I found that only about 30% of my models were produced out-of-the-box with manufacturer’s decals. The rest was modified or converted in one way or another. I think I have used all the 1/72 kits available on the market such as Revell, Mk. V, Airfix Mk I (cheap and readily available but very good indeed), Airfix Mk V, Italeri Mk V (also affordable and very good), Hasegawa Mk. VII, VIII and IX, Academy and Fujimi Mk. XIV, Heller Mk. XVI, Academy Mk. XIX , and old Eduard kits for Mk. 20 to 24. Converted parts were most frequently scratch-built using different materials such as balsa wood, Poxiran etc.

The Mk. Vs form a most colourful gang.

 A closer look

An all-important line of the Spitfire family were the photoreconnaissance variants. The PRU branch of my collection contains a PR Mk. I A, B, C, D, E, F, G variants, PR Mk. XIII (Merlin-engined), FR Mk. XIV e (2 aircraft), FR Mk. XVIII, PR Mk. XIX and Mk. 21. The principal source of information for this part of the collection have been Volumes 5 and 16 of the Wings of Fame.

All the PR Spitfires on display

An important line of the Spitfire development was the Seafire. Almost all of the Seafire marks required conversions from corresponding land-based variants.

Another important items that you can’t live without doing all the Spitfire marks are the propellers. Whenever appropriate, I have used propellers included in the kits. In other cases I had to resort to propellers from accessory manufacturers, particularly Aeroclub. Curiously I found that one of my biggest most problems was the four-blade propeller for the Mk VII to IX, because none of the mainstream kits included a correct one. I ended up buying 24 Aeroclub propellers for these models.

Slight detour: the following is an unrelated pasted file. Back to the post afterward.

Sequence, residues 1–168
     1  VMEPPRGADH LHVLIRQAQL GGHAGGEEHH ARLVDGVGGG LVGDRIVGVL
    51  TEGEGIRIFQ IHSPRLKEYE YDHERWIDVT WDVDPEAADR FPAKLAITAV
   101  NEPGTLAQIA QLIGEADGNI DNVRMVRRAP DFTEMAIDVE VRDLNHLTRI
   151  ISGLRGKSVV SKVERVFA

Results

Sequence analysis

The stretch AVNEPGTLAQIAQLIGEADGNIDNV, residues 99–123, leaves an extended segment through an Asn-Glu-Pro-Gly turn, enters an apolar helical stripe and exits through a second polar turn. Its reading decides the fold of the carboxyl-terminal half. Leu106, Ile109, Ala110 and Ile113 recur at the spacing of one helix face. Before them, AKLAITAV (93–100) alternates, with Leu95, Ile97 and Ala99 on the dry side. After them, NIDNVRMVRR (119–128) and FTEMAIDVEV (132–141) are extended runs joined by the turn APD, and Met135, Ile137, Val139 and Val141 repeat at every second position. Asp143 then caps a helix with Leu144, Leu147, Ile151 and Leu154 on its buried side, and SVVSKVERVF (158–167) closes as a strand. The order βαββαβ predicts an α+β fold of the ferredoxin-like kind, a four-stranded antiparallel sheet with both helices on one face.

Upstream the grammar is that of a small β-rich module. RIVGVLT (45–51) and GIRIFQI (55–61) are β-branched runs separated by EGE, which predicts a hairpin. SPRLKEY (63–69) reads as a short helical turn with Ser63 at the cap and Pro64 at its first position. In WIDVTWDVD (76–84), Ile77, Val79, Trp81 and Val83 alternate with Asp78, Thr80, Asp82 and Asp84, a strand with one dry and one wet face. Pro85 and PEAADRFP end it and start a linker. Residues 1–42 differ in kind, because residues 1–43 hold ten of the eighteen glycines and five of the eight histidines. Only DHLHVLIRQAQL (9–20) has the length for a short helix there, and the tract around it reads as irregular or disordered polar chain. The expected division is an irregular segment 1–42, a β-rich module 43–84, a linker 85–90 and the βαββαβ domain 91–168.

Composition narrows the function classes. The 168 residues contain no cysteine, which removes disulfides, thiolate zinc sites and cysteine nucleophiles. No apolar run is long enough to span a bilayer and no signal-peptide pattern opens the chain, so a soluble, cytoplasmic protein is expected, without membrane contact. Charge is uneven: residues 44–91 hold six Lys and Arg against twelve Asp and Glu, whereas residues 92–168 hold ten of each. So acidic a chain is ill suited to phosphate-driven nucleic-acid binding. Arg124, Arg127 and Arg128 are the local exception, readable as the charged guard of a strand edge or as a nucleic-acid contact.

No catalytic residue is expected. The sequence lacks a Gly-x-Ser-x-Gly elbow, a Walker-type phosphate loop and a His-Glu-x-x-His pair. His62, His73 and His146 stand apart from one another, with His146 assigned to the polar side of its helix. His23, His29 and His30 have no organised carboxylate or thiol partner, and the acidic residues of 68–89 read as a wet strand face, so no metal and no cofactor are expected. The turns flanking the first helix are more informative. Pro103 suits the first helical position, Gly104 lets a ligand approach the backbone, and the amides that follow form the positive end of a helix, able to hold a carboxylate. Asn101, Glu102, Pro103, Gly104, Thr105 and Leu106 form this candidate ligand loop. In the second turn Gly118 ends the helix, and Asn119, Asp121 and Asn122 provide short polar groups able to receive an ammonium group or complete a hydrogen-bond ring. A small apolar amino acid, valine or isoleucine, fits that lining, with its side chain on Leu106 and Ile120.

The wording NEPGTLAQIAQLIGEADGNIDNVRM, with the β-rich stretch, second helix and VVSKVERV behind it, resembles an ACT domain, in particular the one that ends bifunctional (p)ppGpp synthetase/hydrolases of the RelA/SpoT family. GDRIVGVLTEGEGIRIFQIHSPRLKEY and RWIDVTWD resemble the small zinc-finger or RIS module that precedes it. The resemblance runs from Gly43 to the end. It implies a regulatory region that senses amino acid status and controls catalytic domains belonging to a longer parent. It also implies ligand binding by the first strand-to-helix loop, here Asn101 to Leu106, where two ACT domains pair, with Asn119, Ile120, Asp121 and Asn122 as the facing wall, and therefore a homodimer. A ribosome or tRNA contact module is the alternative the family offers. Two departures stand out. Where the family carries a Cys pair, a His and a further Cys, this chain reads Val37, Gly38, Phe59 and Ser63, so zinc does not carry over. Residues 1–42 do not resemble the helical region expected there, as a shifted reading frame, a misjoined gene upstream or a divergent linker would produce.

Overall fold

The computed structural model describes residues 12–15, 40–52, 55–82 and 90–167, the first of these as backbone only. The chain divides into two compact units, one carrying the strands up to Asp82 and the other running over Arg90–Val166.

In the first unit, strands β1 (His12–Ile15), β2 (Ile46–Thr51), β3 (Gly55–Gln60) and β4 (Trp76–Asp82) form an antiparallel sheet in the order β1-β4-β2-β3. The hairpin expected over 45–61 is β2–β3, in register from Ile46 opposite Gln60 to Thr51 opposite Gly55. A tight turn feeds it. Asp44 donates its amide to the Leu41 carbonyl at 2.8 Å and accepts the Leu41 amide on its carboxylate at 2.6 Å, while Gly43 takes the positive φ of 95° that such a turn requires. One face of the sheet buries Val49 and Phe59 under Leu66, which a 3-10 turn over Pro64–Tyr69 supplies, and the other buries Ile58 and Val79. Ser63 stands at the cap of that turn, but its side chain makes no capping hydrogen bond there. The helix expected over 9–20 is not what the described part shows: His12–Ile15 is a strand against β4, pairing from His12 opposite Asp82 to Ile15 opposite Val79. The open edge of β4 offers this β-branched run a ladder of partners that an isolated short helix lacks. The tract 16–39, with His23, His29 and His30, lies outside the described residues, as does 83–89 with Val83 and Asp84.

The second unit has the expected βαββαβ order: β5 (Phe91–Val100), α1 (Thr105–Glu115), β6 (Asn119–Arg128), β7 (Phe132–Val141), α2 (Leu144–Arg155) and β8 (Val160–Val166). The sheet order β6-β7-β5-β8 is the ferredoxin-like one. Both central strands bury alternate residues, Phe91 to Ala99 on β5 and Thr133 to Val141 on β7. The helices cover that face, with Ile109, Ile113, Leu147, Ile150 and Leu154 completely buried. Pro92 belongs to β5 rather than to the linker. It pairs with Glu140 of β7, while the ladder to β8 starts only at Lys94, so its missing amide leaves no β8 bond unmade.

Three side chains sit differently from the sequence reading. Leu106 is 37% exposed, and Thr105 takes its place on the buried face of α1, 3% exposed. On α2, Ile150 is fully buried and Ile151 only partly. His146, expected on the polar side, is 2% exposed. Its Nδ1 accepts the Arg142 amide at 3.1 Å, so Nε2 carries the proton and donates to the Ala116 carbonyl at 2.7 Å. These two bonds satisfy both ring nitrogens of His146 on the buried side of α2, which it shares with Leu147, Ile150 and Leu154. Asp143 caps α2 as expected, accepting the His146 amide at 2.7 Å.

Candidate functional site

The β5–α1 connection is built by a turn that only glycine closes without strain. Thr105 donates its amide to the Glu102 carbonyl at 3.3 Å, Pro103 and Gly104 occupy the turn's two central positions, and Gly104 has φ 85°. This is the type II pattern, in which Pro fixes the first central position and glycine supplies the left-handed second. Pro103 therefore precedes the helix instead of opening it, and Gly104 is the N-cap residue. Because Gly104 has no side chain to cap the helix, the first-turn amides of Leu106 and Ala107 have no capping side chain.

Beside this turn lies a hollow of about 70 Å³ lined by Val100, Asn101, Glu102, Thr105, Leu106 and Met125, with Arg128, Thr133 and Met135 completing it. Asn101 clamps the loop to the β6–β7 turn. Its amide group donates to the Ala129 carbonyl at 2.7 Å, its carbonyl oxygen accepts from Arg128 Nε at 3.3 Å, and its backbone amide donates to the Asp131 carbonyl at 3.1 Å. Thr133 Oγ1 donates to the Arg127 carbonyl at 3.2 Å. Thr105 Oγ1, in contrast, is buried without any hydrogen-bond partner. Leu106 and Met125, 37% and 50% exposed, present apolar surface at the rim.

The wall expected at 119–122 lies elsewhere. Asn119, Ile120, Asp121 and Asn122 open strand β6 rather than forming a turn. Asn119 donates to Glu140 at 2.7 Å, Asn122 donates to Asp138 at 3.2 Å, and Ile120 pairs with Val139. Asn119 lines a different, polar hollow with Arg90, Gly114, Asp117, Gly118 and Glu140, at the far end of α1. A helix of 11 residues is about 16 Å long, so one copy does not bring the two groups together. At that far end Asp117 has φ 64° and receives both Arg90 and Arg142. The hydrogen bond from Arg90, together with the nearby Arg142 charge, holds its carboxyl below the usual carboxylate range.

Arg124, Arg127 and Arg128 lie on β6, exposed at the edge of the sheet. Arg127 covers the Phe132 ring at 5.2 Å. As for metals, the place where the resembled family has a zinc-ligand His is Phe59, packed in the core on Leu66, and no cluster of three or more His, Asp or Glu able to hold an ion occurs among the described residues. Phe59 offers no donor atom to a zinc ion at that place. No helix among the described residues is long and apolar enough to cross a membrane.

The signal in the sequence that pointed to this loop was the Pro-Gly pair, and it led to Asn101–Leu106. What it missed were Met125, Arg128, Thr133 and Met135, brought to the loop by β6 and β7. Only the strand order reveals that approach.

A squadron of Mk. IXs

The two kits I used most frequently were the Airfix Mk I and Italeri Mk Vb.

One of the most challenging conversions has been the first Spiteful prototype, NN660. The original had been rebuilt from a Mk. XIV and this is also what I did, taking the fuselage from Academy Mk. XIV and mating it with vacuum-formed wings from Rareplanes. Everything was then to be finished in all-aluminium look, so what followed was a lot of filling and sanding!

The first Spiteful prototype, NN660, was essentially a Spitfire Mk. XVI equipped with a new laminar-flow wing and wide-track undercarriage. My conversion work followed the path of the original as described in text..

Now that I am ready with all the 111 models of the initial list, I decided to add another 3 or 4 of the Argentinean pilots who flew with the RAF.

At the current rate of 2-3 finished models per month, my RAF collection will take another twenty years to finish. I can’t even think about what I will be doing then…


Seafire Mk. IB was a fairly simple conversion with Italeri Mk. Vb as a basis.


 I have also modelled the archetypal Spit, Supermarine Type 224 was Reginald Mitchell’s prototype fighter that preceded the Spitfire. The vaccum-formed kit came from Rareplanes.




I’d like to extend my sincere thanks to my friends in England, Jonathan Davies from IPMS Aerobatic planes SIG and Nigel Perren from the Spitfire Society from whom I have always received invaluable help.


This article was originally published in IPMS Stockholm Magazine in Novemeber 2003.